Confession time: I just came across Tragic Allies the other day, so, obviously I know virtually nothing about them other than the fact that they were discovered by Killah Priest, dropped a couple (maybe?) of mixtapes and released their debut album, The Tree of Knowledge of Good & Evil, in 2011.
They are a three-man group consisting of Purpose, Estee Nack and Codenine. Purpose not only raps, but he also produces, and he steps behind the boards for a bunch of tracks on The Tree of Knowledge of Good & Evil, an album that features guest appearances from Killah Priest, Bronze Nazareth and Planet Asia.
Tragic Allies are an old-school type group, bringing a 90s feel to hip-hop similar to what some of the Wu-Tang offshoots offer/offered (which makes sense, because Killah Priest did discover them).
For that reason, I can already see the more devout hip-hop heads gravitating toward this trio, if not only for that, but also because of the fact that they sound nothing like the bullcrap that saturates the radio today.
Again, I literally just found these dudes this week, so let's just jump right into the review.
Things don't exactly get off to a good start here. The beat, laced by Crucial The Guillotine (doesn't that name just sound so Wu-Tangish?), grates on the eardrums, as the vocal sample (something I am usually rather fond of) is just overkill. This also crawls a bit too much for my liking.
3. God Gifted
This is better. Purpose pulls a page out of Bronze Nazareth's book here and crafts a slow-paced instrumental consisting of some deliberate horns and a vocal sample. The production does does get a bit repetitive after a while, but the music is solid. Also, Planet Asia makes a guest appearance, and he does "God Gifted" justice.
4. War Melody
DJ Woool (doesn't that name just sound so not Wu-Tangish?) is on the boards for "War Melody," and the result is a really freaking boring beat. This really could have used heavier drums (only Roc Marciano and The Alchemist can pull off the sparse drum-type instrumentals). The raps are good, but the production is just not nearly engaging enough to keep my interest.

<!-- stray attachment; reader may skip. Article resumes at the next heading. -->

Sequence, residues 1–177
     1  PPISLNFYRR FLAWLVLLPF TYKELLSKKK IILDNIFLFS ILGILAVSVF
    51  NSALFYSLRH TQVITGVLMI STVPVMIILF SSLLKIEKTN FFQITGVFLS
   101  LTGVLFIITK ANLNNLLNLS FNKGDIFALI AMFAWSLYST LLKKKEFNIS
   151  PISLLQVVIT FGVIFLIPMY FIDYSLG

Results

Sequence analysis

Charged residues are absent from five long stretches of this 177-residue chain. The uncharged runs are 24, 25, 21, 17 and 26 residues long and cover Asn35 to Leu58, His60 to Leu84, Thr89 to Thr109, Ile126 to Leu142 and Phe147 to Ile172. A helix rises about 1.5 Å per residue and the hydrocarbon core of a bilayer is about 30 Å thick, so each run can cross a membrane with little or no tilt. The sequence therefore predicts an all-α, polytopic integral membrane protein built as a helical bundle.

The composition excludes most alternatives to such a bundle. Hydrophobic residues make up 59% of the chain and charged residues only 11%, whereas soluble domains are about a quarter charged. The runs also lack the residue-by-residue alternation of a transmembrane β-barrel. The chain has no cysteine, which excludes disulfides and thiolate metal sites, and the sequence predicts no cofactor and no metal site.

5. Fallin' Starz
A dude named Kevalowski puts together this beat, and like Purpose two songs ago, he does his best Bronze Nazareth impression. This was pretty good, possessing a grimy feel thanks to the instrumental and the subject matter of the rhymes by all three MCs. "Fallin' Starz" is the best track here so far, but I'm still hoping the energy picks up a little bit more as the album progresses.
6. Words From The Most High
This time, Street Science steps behind the boards for the production, and the finished product is pretty solid. The beat consists of an ominous piano riff and some semi-hard drums (they could have been harder, though), and Tragic Allies are able to match its dreary atmosphere. Six tracks in on The Tree of Knowledge, I know one thing for sure: these dudes are raw.
7. Street Narrative
Alright; now I'm positively sure that this album is headed in the right direction. This DJ Kryptonite-produced record freaking knocks. The instrumental is the best one on the project thus far, containing what sounds like a really dope Spanish sample and some banging drums to boot. Not only that, but the lyrics are really great, too. "Street Narrative" is just very dope overall.
8. Revival of The Fittest
This cut has a pretty cool name, as it is obviously a play on Mobb Deep's classic "Survival of The Fittest" (it also works in a vocal sample from it at the end). This song isn't nearly as good as Mobb Deep's, but it's still good, nonetheless. While Purpose's production isn't anything mind-blowing, it is extremely hard, and it suits the group perfectly. I really liked the hook on here, too.
9. In The Air